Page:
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Prevalence of cardiovascular risk factors and strokes in younger adults
  • Published Date:
    Jun 01 2017
  • Source:
    JAMA Neurol. 74(6):695-703
  • Language:
Filetype[PDF-142.60 KB]

  • Alternative Title:
    JAMA Neurol
  • Description:

    While stroke mortality rates have decreased substantially in the past two decades, this trend has been primarily limited to older adults. Increasing trends in stroke incidence and hospitalizations have been noted among younger adults, but there has been concern that this reflected improved diagnosis through an increased use of imaging rather than representing a real increase.


    We aimed to determine whether stroke hospitalization rates have continued to increase and to identify the prevalence of associated stroke risk factors among younger adults.

    Design, Setting, Participants

    Hospitalization data from the National Inpatient Sample from 1995 through 2012 were used to analyze acute stroke hospitalizations rates among young adults aged 18–64. Hospitalization data from 2003–2012 were used to identify the prevalence of associated risk factors for acute stroke. Acute stroke hospitalizations were identified by the principal ICD-9-CM code and associated risk factors were identified by secondary ICD-9-CM codes for each hospitalization.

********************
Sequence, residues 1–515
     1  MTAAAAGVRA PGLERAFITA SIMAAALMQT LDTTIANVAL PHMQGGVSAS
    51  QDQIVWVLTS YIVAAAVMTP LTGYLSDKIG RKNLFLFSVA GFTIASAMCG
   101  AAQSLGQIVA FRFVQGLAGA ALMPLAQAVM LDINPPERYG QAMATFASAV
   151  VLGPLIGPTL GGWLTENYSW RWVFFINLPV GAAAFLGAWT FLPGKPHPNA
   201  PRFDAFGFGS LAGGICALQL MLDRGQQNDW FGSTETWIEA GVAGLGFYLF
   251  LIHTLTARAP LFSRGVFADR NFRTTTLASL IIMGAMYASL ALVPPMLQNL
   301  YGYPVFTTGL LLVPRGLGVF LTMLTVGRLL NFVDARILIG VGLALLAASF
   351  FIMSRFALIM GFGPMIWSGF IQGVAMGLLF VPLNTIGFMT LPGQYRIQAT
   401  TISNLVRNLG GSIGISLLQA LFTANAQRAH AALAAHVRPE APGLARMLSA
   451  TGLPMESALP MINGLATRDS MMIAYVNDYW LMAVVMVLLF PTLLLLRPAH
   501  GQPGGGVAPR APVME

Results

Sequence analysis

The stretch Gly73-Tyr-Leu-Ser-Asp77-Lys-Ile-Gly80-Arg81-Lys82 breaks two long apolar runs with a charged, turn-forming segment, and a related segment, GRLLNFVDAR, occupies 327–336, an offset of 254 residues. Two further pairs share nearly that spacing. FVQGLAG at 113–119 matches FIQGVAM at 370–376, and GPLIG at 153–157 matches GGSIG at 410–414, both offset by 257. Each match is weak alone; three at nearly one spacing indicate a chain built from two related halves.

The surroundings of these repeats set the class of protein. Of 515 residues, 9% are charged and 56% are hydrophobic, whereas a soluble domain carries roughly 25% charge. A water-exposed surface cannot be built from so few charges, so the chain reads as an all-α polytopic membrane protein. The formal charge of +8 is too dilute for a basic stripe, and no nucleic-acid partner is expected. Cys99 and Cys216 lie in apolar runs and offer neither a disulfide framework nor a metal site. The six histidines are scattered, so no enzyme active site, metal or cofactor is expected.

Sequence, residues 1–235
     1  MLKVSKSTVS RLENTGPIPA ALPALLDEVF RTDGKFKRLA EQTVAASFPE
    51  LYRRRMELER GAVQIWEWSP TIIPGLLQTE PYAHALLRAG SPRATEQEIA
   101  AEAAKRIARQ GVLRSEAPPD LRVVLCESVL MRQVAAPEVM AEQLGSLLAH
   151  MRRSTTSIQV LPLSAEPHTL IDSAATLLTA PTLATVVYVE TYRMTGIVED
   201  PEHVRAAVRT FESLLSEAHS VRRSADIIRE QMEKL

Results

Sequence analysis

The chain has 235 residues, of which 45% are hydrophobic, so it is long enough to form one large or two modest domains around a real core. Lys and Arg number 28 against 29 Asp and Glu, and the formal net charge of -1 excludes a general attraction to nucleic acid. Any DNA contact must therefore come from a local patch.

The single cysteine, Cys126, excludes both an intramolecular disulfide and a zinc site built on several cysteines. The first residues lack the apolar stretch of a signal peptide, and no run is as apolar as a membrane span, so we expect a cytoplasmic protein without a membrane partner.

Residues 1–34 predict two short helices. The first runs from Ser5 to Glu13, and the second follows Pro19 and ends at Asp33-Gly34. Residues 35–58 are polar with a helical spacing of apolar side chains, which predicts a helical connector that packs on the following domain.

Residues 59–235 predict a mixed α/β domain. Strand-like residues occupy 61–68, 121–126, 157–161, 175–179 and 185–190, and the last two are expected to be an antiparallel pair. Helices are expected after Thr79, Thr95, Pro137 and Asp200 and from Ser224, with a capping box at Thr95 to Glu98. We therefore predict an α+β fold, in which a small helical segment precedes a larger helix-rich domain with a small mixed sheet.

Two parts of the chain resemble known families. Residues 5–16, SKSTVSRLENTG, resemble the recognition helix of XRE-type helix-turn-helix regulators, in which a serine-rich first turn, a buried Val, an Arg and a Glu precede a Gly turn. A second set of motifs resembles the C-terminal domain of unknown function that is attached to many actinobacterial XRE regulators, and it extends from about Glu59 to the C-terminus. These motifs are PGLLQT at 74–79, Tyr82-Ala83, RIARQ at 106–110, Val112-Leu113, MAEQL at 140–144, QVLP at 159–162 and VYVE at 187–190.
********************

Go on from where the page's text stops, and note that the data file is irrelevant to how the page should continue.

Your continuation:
Main Outcomes

    Trends in acute stroke hospitalization rates by stroke type, age, sex, and race/ethnicity, as well as the prevalence of associated risk factors by stroke type, age, and sex.


    The major findings in this study are 1) ischemic stroke hospitalization rates increased significantly for both males and females and for certain race/ethnic groups among younger adults aged 18–54 and have almost doubled for males aged 18–34 and 35–44 years since 1995–96, with a 41.5% increase among males aged 35–44; 2) the prevalence of stroke risk factors among those hospitalized for acute ischemic stroke continued to increase from 2003–04 through 2011–12 for both males and females aged 18–64; and 3) the prevalence of having multiple risk factors among younger adults experiencing an acute ischemic stroke has nearly doubled over the decade. Hospitalization rates for intracerebral hemorrhage and subarachnoid hemorrhage remained stable.

    Conclusions and Relevance

    The identification of increasing hospitalization rates for acute ischemic stroke in young adults coexistent with increasing prevalence of traditional stroke risk factors confirms the importance of focusing on prevention in younger adults.

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